The scope of MAC clauses will continue to be a pressing concern for buyers and sellers engaged in business acquisitions while the costs of the pandemic are still being counted globally.  Careful consideration should be given to any potential effects of the Covid-19 pandemic on the target company, and the extent to which the parties consider it reasonable to rely upon a MAC clause as a result of their impact.

Below, experts from each of our key global offices provide jurisdiction specific advice and answer questions regarding the potential implications of Covid-19 on MAC clauses and acquisition agreements as a whole.  Please contact any of our contributing authors for more information.

Bermuda, the British Virgin Islands and the Cayman Islands

Is there any applicable jurisprudence relevant to your jurisdiction?

While there is little case law relevant to MAC clauses and their enforceability in the British Overseas Territories of Bermuda, the British Virgin Islands (BVI) and the Cayman Islands, the recent English High Court case Travelport Ltd v Wex Inc [2020] EWHC 2670 (Comm) considered the construction and interpretation of MAC clauses under English Law.  This judgment would be persuasive in our jurisdictions and is of particular interest as the Court had to consider the enforceability of a MAC clause arising as a result of the Covid-19 pandemic.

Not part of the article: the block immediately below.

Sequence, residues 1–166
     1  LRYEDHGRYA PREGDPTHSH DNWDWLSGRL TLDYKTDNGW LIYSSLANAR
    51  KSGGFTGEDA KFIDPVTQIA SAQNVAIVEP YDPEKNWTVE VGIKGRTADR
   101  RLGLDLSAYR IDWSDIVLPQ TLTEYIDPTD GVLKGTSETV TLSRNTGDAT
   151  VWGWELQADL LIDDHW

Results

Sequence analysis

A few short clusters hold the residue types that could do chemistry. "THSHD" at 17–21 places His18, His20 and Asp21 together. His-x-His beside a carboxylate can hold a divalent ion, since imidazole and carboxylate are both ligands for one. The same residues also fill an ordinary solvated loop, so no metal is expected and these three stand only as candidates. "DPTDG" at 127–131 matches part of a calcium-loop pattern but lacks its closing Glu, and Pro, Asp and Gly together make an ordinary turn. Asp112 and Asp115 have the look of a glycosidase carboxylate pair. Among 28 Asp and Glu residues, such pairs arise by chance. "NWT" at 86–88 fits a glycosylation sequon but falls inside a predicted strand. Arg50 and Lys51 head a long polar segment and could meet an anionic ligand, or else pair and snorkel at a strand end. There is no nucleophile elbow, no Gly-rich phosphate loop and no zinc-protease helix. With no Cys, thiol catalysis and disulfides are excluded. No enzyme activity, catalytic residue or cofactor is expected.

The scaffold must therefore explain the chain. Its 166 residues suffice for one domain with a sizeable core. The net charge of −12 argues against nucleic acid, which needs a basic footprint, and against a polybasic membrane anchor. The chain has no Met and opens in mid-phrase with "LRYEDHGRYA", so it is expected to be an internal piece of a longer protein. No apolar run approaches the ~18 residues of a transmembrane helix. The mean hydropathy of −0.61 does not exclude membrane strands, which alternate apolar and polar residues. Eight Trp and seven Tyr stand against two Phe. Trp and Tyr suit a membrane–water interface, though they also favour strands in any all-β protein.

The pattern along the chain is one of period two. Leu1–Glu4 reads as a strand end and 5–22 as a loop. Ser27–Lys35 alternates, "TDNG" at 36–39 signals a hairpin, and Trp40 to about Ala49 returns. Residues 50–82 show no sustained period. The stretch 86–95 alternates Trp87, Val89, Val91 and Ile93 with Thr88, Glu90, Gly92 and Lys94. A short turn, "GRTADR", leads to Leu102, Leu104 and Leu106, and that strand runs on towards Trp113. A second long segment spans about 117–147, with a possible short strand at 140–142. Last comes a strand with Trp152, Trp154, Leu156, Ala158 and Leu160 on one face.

The proceedings concerned a share purchase agreement which was conditional upon certain matters including that, between signing and completion, there had not been anything that had a MAE and nothing had occurred which might reasonably be expected to have a MAE.  The provision itself was fairly complex in that it set out what events would constitute a MAE before providing certain exclusions and exclusions to the exclusions.

While the case did not determine whether a MAC had occurred it did provide guidance on the construction and interpretation of MAC clauses, cautioning against ambiguous language and broad definitions.  The interpretation of the word “industry” was a particularly contentious area between the parties and the courts remarks on this point suggest that words which are broadly defined will be interpreted as such, if contested.